Welding, Manganese Fumes, and Related Negative Health Effects

Manganese: Both Healthy & Toxic

Manganese, a naturally-occurring element, is a very important component for a variety of manufacturing and industrial operations, especially iron and steel production. It is also considered to be an essential nutrient for humans. It assists in a variety of bodily processes, including antioxidant function, metabolism, bone development, and wound healing [3]. It can be found in “pecans, peanuts, pineapple fruit and juice, oatmeal, shredded wheat, and raisin bran cereal. Good sources are beans (pinto, lima, navy), rice, spinach, sweet potato, and whole wheat bread” according to www.nutrimirror.com.

In a healthy individual with proper immune and organ function, normal amounts of ingested Manganese can be digested and disposed of with ease. [Visit the Food and Nutrition Board (FNB) of the Institute of Medicine website to search for Adequate Intake Amounts of Manganese].

Although Manganese is an essential nutrient for humans, it can become toxic at certain exposure levels; especially when Manganese fumes are inhaled. Instead of going through the body’s normal defense mechanisms, the fumes bypass them, accumulate, and subsequently damage vital organs like the lungs, liver, kidney and central nervous system according to the National Institute for Occupational Safety and Health (NIOSH). [1]

Short-term exposure may lead to metal fume fever, which symptoms include fever, chills, nausea, fatigue, muscle ache, joint pain, and thirst, among others. These symptoms usually resolve themselves within 24-48; however, long-term and chronic exposure to manganese fumes can lead to a disease called Manganism which has symptoms similar to those related to Parkinsons.


Manganism (manganese poisoning) can develop from chronic exposure to manganese-containing fumes. Symptoms may include:
    • Tremors
    • Slowed Movement
    • Walking Problems
    • Shakes
    • Loss of Balance
    • Impotency
    • Slurred Speech
    • Extreme Drowsiness
    • Muscle Rigidity [1] [2]
Occupational Risk
Typical occupations that run the risk of overexposure to manganese fumes include workers in the following fields according to NIOSH:
    • Mining
    • Ore-Crushing
    • Metallurgical Operations for iron, steel, ferrous and nonferrous alloys
    • Manufacturing of:
      • Dry-cell batteries
      • Anti-knock gasoline additives
      • Pesticides
      • Pigments
      • Dyes
      • Inks
    • Welding Operations [1]
    • Other occupations that involve the release of manganese-containing fumes
Welding & Manganese
Workers can be exposed to Manganese fumes during a variety of welding operations; it is difficult to be specific because of differences in and multiple combinations of welding wire, fluxes, and base metals.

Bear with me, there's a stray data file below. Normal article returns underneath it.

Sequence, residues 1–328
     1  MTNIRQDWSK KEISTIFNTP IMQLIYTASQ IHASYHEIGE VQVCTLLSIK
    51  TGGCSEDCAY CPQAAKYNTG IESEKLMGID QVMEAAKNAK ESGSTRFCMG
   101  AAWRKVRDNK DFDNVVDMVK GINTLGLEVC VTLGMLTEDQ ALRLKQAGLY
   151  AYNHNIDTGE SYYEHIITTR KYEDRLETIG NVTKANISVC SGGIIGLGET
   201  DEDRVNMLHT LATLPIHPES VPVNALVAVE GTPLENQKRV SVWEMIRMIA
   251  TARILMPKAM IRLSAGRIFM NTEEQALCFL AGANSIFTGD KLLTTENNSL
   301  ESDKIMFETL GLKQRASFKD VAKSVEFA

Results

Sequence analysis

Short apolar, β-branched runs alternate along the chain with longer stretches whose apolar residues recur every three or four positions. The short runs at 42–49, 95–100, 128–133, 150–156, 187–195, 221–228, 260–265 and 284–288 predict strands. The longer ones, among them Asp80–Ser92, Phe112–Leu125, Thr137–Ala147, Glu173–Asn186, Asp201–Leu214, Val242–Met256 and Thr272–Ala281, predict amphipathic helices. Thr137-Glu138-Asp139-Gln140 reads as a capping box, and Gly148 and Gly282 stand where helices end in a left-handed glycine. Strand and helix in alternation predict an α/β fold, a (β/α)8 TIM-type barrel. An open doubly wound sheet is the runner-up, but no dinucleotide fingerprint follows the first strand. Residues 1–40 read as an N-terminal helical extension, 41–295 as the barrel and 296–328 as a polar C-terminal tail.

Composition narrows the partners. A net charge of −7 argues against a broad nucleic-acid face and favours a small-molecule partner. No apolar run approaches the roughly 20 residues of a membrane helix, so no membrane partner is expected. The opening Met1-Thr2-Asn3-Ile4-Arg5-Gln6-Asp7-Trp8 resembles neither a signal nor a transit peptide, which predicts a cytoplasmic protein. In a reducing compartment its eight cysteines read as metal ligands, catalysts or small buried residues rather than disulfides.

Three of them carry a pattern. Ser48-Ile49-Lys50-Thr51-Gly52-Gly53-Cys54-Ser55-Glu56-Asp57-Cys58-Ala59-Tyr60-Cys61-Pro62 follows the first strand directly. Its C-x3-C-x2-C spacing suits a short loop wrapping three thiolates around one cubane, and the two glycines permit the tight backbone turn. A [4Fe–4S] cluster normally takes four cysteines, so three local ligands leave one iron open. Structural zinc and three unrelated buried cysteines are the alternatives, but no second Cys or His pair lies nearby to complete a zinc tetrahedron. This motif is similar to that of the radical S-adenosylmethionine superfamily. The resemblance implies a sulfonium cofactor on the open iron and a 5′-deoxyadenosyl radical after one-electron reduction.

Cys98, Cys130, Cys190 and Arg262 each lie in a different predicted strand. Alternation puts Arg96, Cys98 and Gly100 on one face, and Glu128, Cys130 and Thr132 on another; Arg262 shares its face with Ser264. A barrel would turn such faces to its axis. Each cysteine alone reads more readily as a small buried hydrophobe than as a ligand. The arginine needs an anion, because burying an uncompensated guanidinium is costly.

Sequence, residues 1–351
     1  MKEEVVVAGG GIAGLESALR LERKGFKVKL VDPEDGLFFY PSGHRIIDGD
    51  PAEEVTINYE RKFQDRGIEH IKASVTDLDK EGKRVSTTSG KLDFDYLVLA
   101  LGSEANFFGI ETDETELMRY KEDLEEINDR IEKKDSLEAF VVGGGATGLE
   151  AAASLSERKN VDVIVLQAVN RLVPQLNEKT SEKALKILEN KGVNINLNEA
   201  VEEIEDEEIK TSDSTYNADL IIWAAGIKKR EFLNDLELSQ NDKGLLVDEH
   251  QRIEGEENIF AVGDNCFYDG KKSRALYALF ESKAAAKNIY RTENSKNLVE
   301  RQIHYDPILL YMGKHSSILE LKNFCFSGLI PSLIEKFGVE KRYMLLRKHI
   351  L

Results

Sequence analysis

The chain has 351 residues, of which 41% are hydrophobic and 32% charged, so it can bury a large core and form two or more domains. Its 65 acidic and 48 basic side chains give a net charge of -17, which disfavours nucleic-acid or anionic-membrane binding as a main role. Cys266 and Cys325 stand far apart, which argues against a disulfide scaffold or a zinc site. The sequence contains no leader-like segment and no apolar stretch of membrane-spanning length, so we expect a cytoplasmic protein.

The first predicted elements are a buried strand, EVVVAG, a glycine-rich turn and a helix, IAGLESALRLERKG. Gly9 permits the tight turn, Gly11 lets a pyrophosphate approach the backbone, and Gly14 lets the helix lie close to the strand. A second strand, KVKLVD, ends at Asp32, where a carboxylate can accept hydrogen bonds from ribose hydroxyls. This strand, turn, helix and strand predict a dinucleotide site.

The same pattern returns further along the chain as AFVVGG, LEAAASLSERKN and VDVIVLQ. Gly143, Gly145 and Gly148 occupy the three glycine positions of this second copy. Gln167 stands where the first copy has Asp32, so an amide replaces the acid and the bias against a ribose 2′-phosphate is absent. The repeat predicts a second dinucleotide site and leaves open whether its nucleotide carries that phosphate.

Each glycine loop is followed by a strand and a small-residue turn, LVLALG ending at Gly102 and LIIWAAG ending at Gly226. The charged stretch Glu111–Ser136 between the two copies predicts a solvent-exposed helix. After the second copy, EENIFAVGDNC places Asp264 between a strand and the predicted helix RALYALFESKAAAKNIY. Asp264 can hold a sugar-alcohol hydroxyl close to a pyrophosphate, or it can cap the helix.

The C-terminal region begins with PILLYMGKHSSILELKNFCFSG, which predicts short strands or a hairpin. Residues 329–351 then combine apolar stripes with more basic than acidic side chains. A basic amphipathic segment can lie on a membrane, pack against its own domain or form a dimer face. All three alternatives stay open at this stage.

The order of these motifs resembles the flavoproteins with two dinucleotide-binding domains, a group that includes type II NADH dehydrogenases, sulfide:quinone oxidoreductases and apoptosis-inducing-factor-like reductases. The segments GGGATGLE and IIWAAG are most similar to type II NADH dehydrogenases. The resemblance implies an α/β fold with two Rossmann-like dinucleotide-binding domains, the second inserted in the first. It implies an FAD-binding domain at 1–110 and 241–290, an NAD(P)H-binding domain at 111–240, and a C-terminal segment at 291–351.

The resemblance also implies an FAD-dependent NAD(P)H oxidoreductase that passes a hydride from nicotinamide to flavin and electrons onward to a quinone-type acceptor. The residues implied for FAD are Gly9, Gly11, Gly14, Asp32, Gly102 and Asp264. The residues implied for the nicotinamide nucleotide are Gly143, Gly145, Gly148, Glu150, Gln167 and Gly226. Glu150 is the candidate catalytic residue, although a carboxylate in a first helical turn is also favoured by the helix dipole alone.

NIOSH explains that welders who work with lead, iron and manganese may be at increased risk for neurological health effects. [They also note that “heat and stress can also contribute to neurological impairments in welders.”] A recent study showed poorer performance on brain function and motor skill tests from welders who were exposed to low levels of Manganese (3). Health effects also included “changes in mood and short-term memory, altered reaction time, and reduced hand-eye coordination. It is not known if these findings have clinical significance.” [1]

The chart below shows Occupational Exposure Limits for Manganese from NIOSH, OSHA, and ACGIH:

Occupational Exposure Limits for Manganese

Agency Occupational Exposure Limit
NIOSH REL 1 mg/m3 (TWA) and 3 mg/m3 (STEL)
NIOSH IDLH 500 mg/m3
OSHA PEL 5 mg/m3 (ceiling)
ACGIH TLV 0.2 mg/m3(TWA)
IDLH: immediately dangerous to life and health concentration
PEL: permissible exposure limit
REL: recommended exposure limit
STEL: short-term exposure limit
TLV: threshold limit value
TWA: time-weighted average
Engineering Controls

Respirators and local exhaust ventilation, also known as fume extractors, (example shown below) are typically the recommended engineering controls for welding fume control; however, a Certified Industrial Hygienist should be consulted in order to determine the best safety approach based on the amount of fumes produced, materials involved, and environmental considerations. [See “Exposure Sources and Control Methods” on OSHA’s webpage dedicated to Occupational Safety and Health Guideline for Welding Fumes for further information].

Local Exhaust Ventilation: Model 400 Welding Fume Extractor
Local Exhaust Ventilation: Model 400 Welding Fume Extractor
Ductless Fume Hoods are another local exhaust option for applications that release manganese fumes and are performed on a small scale or limited space environment

For additional information on Local Exhaust Ventilation for Welding Fume Control, give Sentry Air a call at 1.800.799.4609, email us at sales@sentryair.com, or fill out this form to receive more information.


[1] “Welding and Manganese: Potential Neurologic Effects.” NIOSH. <http://www.cdc.gov/niosh/topics/welding/>
[2] “Welding and Manganese Poisoning”. International Brotherhood of Electrical Workers. <http://www.ibew.org/articles/03journal/030708/p8.htm>

[3] “Manganese”. Linus Pauling Institute,Oregon State University <http://lpi.oregonstate.edu/infocenter/minerals/manganese/>

Other Helpful Information:

NIOSH Pocket Guide to Chemical Hazards: Manganese compounds and fume (as Mn)>

“ToxFAQ’s for Manganese”. Agency for Toxic Substances & Disease Registry. <

*** This blog entry was written as a customer service and no representation is made as to the completeness or accuracy of the information it contains. Persons that believe they have been overexposed to manganese fumes should consult a healthcare physician or seek medical assistance. If you believe you are being exposed to these fumes in your workplace, consult a industrial safety officer or management team regarding this issue.